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French far-right 'courting UAE funding' for presidential election campaign

Le Pen has previously expressed interest in establishing links with the UAE in 2014 [Getty]

Date of publication: 30 October, 2016

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Investigations suggest the UAE were disappointed with the National Front’s performance in December elections but retain hope that Marine Le Pen could win in 2017.

France’s far-right National Front party is seeking money from the United Arab Emirates in order to fund the presidential election campaign of leader Marine Le Pen, according to a report by French investigative journal Mediapart

Since the revelation, the National Front has admitted it is seeking funds from the Middle East in preparation for 2017 presidential elections.

“We're seeking worldwide (support), everywhere but France, considering that all the banks (in France) have rejected us,” said National Front economic strategist and European Parliament MP Bernard Monot to Mediapart.

Le Pen has previously expressed interest in establishing links with the UAE. In 2014, she told France 24 that France should seek support from Muslim countries that fight fundamentalism” referencing the UAE and Egypt as potential donors.

Le Pen is said to have held meetings with UAE representatives at her home in Motretout in July 2014 as well as Egyptian Prime Minister Ibrahim Mahlab and other Egyptian political and religious leaders in May 2015.

“We're seeking worldwide (support), everywhere but France, considering that all the banks (in France) have rejected us.”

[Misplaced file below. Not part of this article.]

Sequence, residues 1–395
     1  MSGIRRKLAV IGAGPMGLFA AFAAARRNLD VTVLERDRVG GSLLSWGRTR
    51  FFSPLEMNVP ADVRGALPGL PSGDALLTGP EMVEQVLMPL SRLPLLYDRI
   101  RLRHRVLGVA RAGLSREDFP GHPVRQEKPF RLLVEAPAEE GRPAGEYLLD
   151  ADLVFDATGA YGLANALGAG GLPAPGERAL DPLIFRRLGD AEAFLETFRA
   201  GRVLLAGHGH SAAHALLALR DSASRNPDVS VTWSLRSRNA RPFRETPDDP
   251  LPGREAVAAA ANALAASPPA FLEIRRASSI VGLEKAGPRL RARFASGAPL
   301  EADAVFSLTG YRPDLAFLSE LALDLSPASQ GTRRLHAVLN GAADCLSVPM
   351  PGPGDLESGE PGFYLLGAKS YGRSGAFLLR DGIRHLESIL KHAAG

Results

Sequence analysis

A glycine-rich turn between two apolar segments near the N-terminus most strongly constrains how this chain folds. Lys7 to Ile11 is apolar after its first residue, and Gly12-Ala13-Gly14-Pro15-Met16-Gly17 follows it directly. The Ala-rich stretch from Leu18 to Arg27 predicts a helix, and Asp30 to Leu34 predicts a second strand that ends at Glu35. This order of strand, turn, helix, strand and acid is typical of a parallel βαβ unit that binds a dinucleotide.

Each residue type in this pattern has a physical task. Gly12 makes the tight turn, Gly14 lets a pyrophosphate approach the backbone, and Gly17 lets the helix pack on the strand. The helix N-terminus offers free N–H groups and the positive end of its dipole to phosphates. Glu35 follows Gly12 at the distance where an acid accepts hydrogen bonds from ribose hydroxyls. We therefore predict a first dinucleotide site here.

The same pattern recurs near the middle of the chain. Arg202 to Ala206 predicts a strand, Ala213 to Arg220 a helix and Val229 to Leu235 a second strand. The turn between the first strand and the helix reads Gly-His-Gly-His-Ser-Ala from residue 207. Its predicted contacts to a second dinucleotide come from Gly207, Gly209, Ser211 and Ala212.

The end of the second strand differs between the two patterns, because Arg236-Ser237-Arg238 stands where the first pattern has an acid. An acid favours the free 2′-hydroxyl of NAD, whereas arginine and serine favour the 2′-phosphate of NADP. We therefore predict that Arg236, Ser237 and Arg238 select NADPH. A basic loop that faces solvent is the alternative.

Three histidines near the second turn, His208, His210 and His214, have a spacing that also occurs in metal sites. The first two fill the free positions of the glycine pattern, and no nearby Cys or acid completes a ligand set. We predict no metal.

Bernard Monot, National Front economic strategist and European Parliament MP.

Mediapart also suggested that the UAE have vested interests through a potential relationship with the National Front of developing relations with Russia. 

Courting the UAE could prove an effective strategy for Le Pen given how France’s relations with Saudi Arabia and Qatar have been heavily scrutinised in the aftermath of terror attacks in France in January and November 2015, with some claiming that Paris was indirectly responsible for such attacks by maintaining strong diplomatic and economic relations with states perceived to “fund terrorism.”

Conversely, openly seeking financial support from the Middle East — whether from UAE or Egyptian sources — may alienate some, more radical supporters from Le Pen’s fan base who have criticised Abu Dhabi’s role in constructing mosques in France. 

Once on the fringes of French politics, in the last few years Le Pen has enlarged her electoral base by attempting to appeal to voters outside the traditional far-right, gaining success in the process. Some polls suggest the National Front is expected to win the first round of the 2017 presidential elections with 25-30 percent of the vote. 

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